Virtual Vows: How Metaverse Weddings Are Transforming Tradition
Metaverse matrimony is the latest iteration of a long lineage of ‘on-line’ weddings, which started in 1876.
From sparkly sponsored weddings to digital vow renewals, the metaverse is shaping up into the newest technologically-mediated wedding destination. This follows a lineage of online weddings and marriage ceremonies that began a long time ago.
Online weddings spiked in popularity during the COVID pandemic. These digital soirees connected participants and guests via video conferencing software, such as Zoom.
Often a second-best option during difficult times, people still chose grainy livestreams over nothing. The effort was worthwhile for those who had waited years to tie the knot, only to see it dashed by travel restrictions and crisis.
Facilitating a wedding ceremony with great distances between guests isn’t a new phenomenon. If you think that online weddings are a development from last decade’s online games like Everquest and World of Warcraft, the reality is much more storied.
The first ‘on-line’ wedding took place via telegraph with a Reverend officiating from over 600 miles away and a band that went unheard due to technological limitations. This event in 1876 connected people electronically for one of humankind’s oldest traditions, and began a trend that persists to this day.
Writing a new script for marriage in 2023
Now that travel restrictions have slackened, purely online weddings have reclaimed their old status as an optional event for enthusiasts. Following the pandemic experience, there’s been a softening of perceptions about marrying over the internet. The old view that they are for asocial people has wilted with the normalization of streaming and online dating.
More and more wedding planners are offering mixed packages that include teleconferencing for distant relatives. As the wedding industry recovers, lessons learned from the pandemic are being applied swiftly alongside wider acceptance of teleconferencing.
Mixed wedding packages speak to the practicalities of wedding planning. Travel and accommodation expenses can be a major burden in a time of overstretched budgets. Adding an online component to a wedding can defray costs while dramatically increasing the guest count.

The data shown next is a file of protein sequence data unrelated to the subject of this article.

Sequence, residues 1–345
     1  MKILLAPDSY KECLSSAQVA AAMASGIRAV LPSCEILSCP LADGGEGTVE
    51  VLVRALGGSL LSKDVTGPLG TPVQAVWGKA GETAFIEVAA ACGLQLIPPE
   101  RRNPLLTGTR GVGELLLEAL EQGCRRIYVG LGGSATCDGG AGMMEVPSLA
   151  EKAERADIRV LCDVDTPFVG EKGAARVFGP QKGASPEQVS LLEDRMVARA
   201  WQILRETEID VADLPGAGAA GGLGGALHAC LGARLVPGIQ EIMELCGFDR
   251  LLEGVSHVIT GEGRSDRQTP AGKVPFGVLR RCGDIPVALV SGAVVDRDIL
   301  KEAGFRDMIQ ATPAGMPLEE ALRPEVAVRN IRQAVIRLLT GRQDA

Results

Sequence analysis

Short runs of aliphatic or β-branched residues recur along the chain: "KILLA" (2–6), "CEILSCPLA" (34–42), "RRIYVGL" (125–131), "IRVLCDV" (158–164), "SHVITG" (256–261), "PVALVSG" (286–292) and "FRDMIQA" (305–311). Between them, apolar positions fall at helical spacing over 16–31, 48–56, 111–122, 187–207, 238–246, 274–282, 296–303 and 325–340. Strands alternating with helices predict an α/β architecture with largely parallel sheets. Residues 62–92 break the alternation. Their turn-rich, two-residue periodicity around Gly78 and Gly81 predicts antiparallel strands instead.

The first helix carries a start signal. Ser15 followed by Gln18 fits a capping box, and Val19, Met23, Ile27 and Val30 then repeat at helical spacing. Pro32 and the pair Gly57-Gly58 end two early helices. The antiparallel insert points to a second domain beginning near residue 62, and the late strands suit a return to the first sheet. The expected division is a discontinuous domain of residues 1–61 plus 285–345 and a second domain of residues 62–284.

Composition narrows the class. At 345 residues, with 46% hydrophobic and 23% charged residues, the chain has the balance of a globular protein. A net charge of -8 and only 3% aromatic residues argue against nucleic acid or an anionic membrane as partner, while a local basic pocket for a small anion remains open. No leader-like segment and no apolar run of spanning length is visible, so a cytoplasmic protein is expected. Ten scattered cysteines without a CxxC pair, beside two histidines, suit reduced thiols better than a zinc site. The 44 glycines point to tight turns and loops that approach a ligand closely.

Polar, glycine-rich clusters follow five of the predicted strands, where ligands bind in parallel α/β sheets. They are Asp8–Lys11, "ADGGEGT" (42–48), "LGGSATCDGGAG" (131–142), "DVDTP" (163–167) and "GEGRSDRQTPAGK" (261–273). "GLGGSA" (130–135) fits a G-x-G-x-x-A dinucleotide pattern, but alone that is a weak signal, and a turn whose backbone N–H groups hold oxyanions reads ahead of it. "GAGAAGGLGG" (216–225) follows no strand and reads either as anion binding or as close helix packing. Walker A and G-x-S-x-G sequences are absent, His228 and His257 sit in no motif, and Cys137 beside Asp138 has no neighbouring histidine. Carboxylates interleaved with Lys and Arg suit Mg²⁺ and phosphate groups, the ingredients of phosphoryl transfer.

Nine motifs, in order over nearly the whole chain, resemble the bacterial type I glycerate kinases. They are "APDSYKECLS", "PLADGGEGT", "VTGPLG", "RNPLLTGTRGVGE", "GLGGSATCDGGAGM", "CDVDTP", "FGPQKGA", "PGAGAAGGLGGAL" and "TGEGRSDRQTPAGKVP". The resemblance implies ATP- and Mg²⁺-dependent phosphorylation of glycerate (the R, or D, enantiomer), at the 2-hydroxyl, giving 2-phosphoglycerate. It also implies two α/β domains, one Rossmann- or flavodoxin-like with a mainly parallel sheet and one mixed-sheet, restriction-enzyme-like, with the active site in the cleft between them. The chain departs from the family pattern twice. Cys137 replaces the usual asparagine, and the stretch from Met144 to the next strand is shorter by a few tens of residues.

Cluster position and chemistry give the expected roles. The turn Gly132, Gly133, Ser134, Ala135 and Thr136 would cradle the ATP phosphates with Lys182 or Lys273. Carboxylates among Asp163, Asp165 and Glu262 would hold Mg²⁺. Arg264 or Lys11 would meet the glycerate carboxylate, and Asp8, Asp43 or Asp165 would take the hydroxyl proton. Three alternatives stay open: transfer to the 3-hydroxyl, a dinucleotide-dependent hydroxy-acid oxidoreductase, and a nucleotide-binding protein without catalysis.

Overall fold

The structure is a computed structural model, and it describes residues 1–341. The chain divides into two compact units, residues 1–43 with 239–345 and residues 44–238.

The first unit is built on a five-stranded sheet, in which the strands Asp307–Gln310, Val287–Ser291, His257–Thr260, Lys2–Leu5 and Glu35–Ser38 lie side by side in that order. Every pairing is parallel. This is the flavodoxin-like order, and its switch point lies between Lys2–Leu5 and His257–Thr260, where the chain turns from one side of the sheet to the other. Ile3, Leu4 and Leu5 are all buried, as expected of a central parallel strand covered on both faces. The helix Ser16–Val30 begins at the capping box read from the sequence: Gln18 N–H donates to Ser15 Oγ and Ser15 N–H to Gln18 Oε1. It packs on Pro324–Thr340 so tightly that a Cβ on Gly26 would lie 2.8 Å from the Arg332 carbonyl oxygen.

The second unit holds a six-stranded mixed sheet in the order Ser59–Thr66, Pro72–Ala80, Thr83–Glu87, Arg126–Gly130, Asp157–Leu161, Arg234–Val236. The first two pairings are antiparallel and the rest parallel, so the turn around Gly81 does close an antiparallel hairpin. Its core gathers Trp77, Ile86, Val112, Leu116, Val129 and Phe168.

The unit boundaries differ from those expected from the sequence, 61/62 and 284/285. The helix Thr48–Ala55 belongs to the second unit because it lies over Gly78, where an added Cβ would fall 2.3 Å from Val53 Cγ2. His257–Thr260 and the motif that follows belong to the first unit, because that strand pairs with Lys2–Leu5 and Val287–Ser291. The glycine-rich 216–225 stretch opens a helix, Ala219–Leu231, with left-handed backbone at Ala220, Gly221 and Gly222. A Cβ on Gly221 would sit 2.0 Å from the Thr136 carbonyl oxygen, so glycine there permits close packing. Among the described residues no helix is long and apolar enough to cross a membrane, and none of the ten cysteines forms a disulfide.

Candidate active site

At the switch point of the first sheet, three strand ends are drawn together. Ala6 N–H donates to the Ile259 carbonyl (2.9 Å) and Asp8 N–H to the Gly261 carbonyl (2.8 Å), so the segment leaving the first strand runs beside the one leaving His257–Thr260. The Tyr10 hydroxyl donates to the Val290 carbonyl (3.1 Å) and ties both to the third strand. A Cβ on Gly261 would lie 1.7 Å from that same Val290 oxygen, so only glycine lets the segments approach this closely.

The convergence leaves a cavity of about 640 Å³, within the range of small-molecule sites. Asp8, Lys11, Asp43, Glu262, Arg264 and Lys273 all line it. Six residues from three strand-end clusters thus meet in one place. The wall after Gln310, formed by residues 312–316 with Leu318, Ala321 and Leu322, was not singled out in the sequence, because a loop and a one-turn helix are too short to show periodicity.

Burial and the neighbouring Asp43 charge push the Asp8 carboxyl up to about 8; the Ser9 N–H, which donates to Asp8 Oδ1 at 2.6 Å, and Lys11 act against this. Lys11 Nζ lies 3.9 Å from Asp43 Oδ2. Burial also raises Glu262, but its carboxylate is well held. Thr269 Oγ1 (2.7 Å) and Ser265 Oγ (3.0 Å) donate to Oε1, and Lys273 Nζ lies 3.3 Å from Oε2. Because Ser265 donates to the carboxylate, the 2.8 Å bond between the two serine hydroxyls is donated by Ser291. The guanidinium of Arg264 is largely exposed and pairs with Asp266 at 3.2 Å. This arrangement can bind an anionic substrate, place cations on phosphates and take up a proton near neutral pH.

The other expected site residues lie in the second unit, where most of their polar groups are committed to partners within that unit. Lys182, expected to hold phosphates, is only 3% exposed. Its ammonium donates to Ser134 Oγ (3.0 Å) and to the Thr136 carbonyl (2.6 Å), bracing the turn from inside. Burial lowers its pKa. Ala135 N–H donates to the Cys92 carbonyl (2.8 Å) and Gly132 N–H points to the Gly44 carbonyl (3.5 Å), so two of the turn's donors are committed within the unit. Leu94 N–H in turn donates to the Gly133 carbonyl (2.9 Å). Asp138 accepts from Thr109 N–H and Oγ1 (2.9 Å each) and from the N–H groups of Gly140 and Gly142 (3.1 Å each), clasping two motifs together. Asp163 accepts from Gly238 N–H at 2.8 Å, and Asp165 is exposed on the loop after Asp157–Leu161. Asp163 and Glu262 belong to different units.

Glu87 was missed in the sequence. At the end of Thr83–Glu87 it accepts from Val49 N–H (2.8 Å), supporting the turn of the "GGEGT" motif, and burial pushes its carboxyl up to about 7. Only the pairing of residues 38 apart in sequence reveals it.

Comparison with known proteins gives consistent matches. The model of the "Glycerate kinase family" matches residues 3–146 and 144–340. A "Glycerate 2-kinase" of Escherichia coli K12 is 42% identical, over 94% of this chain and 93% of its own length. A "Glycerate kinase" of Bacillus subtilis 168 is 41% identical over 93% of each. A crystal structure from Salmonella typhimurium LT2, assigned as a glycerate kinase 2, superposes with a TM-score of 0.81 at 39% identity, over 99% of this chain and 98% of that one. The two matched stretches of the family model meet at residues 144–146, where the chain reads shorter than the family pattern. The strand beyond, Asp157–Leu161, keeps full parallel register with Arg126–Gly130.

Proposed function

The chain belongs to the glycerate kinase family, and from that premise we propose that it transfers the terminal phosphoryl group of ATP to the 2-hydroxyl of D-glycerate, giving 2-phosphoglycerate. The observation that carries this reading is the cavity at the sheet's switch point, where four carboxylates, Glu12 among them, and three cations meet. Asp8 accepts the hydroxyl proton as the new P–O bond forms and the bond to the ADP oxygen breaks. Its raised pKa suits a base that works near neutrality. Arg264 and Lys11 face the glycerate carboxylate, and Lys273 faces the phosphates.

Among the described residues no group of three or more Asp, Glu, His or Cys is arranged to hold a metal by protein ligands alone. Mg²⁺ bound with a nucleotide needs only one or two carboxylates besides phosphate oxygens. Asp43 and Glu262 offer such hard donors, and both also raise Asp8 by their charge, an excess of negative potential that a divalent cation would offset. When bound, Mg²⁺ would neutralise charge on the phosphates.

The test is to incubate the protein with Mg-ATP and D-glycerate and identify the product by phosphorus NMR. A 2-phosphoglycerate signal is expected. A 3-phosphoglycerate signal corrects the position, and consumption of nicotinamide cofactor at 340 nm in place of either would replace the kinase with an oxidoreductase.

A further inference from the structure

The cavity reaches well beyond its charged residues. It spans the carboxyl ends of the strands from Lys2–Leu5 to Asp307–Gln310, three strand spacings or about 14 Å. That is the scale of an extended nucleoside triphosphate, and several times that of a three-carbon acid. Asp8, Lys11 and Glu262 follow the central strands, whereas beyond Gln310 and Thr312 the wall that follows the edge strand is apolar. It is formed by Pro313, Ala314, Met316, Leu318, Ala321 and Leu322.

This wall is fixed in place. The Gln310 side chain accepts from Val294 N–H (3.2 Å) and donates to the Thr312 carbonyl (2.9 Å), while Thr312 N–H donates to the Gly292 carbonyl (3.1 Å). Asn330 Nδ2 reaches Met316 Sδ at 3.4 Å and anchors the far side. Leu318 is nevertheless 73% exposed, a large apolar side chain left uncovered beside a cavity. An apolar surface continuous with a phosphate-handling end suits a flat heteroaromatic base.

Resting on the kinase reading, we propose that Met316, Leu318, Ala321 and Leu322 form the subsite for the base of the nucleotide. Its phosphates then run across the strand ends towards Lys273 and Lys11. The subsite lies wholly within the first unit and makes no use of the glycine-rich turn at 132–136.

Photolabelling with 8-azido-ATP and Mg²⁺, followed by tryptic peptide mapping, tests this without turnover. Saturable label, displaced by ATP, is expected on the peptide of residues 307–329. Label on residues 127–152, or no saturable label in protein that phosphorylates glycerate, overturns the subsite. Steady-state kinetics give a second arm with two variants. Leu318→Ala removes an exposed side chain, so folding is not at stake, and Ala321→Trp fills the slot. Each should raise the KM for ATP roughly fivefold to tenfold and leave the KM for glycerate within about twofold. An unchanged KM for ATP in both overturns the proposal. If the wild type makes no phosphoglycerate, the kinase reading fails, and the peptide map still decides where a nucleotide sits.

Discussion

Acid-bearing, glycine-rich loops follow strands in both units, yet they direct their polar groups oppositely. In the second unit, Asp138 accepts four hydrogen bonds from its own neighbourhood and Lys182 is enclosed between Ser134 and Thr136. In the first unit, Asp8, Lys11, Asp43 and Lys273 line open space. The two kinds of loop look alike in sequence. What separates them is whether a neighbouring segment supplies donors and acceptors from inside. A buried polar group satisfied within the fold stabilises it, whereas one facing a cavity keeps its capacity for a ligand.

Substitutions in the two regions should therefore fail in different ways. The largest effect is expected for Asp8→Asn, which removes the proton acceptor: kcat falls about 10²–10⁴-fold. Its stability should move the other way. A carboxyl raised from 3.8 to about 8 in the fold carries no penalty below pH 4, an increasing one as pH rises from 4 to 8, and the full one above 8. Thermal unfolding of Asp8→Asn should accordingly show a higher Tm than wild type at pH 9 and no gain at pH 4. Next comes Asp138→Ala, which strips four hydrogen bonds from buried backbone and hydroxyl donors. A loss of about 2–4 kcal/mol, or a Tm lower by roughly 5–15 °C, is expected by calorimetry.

Yes, this comes with the oft-discussed downsides of not being ‘the same’ as appearing in person, as well as the hassles of managing a stable livestream. However, all event planning is a cost-benefit analysis and compromises are made at every step.
Sheel and Amruta's Taco Bell metaverse wedding shines a light on the qualities of metaverse weddings. Using a virtual world can dramatically cut down on travel, accommodation, catering, and venue costs. This happens at the expense of being able to hold the wedding in person.
RECOMMENDED READ: People Are Getting Married in the Metaverse. Here’s How.
A solid host in the metaverse means that there’s no real ceiling on guest numbers, but the floor for success is set by internet access and technological literacy. The decor can be anything the newlyweds desire, but that freedom can also be a cursed thing.
‘I do’ in the next reality over
None of the ridicule faced by online weddings is new. People have married electronically since at least 1876, despite missing out on the qualities that make ‘being there’ special. It’s evident that tradition cannot overcome the desire to express love, and this should be lauded as the digital era pushes on.
Weddings are a ubiquitous part of the human experience and they’ve always evolved alongside technology. Although we are quick to mock deviations from tradition, every new tradition has only developed from small deviations. A fast food-sponsored metaverse wedding may be easy to laugh at, but ultimately, it’s an expression of how a couple wishes to commemorate their relationship.
Only after we crack through our attachments to what makes a wedding ‘appropriate’ can we earnestly evaluate the pros and cons of including alternate realities in our weddings. Then we see that the metaverse offers exciting opportunities for people to marry in fantastical places with larger guest lists and lower expenses.
The metaverse can accessibly marry people separated by geography. The lessons learned from them can improve traditional in-person ceremonies: to connect elders who can’t safely travel, open the guestbook wider than before, and record it all for posterity – often at a fraction of the cost of in-person wedding ceremonies.
Metaverse weddings are an evolution of people’s desire to include new technology in timeless ceremonies of coming together. For those willing to undertake some compromises and challenge traditions, the metaverse can open up practical benefits for wedding planners.
Now, if only we could resolve audio issues without reducing ourselves to an endless chain of, “Hello? Can you hear me?” over the microphone.